Last month, I had the opportunity to lead a congressional fact-finding mission to America's detention facility at Guantanamo Bay, Cuba, and spend some time with the men and women of the military serving there.
After a recent Google search, I came to realize there was a response in your fine paper by Jim McElvain, of Saugus, ("Of winners, losers and American sports," The Signal, Dec. 18, 2008) to my request for more coverage of local youth soccer games by The Mighty Signal ("Boston will boost revenue," The Signal, Dec. 17, 2008).
I want to thank Mr. Martin for his Aug. 2 letter to the editor, "Wasteful Median Improvements."
The 21st-century medicine show that has replaced the 20th century environmental movement would like you to buy carbon offsets.
There are countless things that can keep drivers distracted on the road and cause unnecessary accidents, injuries and even death.
Soon ratepayers throughout the Santa Clarita Valley will experience a rise in water rates. This is due mainly to an increase in water rates from Castaic Lake Water Agency, the agency that imports state water from Northern California.
Those who criticize the U.S. for some of the few blemishes that our form of democracy exhibits are essentially un-American.
One of the games we play upon reaching a certain age is "where were you when ...?"
The Republican Party has raised objections to the health care idea of a public option which would allow individuals and companies to purchase insurance from a federal entity, presumably similar to Medicare for seniors.
We can all agree it has taken far too long for the William S. Hart Union High School District to find a site upon which to build a high school in Castaic.
The William. S. Hart Union High School District includes land from Castaic on the west all the way to the Agua Dulce border on the east side of the valley.
My parents were both self-employed, small-business owners.
Dutifully, the Southland Association of Realtors publishes the monthly real estate statistics for the Santa Clarita Valley.
In its editorial The Signal asked, "How committed are Strickland, Messina, Solomon and Jensen to keeping the Hart District's No. 1 promise to the community (a Castaic high school)?
There's a natural series of reactions people have when they are told they will soon be asked to pay more for something.
Someone has rightly said that a true friend is one who walks in when everyone else is walking out. In most areas of life, tragedy and trial bring truth to the surface. Your true character is best seen in the worst of situations, when the façade falls away and you no longer can hide who you are. When it comes to friendships, hard times bring out the reality of the relationship.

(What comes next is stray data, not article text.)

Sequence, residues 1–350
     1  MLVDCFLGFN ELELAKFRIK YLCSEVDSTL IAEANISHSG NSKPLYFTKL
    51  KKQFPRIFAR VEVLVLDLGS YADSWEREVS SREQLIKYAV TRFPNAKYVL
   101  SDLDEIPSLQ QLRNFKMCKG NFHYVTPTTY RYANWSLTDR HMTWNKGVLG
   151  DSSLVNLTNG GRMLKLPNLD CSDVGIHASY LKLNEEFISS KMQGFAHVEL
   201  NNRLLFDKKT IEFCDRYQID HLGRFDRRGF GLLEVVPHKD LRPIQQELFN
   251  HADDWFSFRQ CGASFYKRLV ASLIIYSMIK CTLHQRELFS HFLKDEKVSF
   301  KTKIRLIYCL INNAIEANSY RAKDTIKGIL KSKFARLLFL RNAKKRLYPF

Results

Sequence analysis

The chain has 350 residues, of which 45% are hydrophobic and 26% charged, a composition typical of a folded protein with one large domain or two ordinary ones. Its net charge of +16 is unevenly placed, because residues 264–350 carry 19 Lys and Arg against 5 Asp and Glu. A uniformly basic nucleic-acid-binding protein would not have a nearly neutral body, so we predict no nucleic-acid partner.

Ever since I moved to Santa Clarita nearly 28 years ago, I've always appreciated our community's clean streets, wide open spaces and active lifestyle.
In the 1976 movie "Network," Peter Finch delivers the famous line, "I'm mad as hell and I'm not going to take it anymore."
Editor's note: The following column was written in response to a news story reporting that Gov. Jerry Brown, after touring California counties to determine effects of prisoner realignment, declared, "I can report ... that realignment is working."
The United States government recently launched the Ahmadiyya Muslim Caucus chaired by veteran Republican Congressman Frank Wolf.
The world as we see it in our own eyes can be stressful, enigmatic, or blessed. Mine is a wonderful place to be.
Let me let you in on a joke I recently experienced.
When veterans return home, their fighting days should be over. They put their lives on the line for their country and fought the good fight.
We live in a global world with a global economy. Never did that concept become so clear to me than on the Trade and Investment Mission to China led by Supervisor Antonovich earlier this month.
You would think that a big push to develop a massive gravel mine would at least be backed up by one significant factor:
I just got back from a series of business trips in the east. I was able to visit the garden spots of Pittsburgh, Topeka, Kansas City, and Philadelphia. I was never so glad to get back home.
I've always heard that the airwaves belong to the people.
I often attend conferences where the attendees are given name tags that boldly announce who they are. This creates a phenomenon rarely seen elsewhere. As we walk the halls of the conference center or hotel, our eyes are fixed on the name tags of those we pass. We're anxious to see if they are "somebody." Is he a well-known speaker?
Now that our city has survived another local election, I thought it would be appropriate to make some comments regarding elections and city hall. After all, things can get pretty exciting, or should I say concerning around election time in Santa Clarita.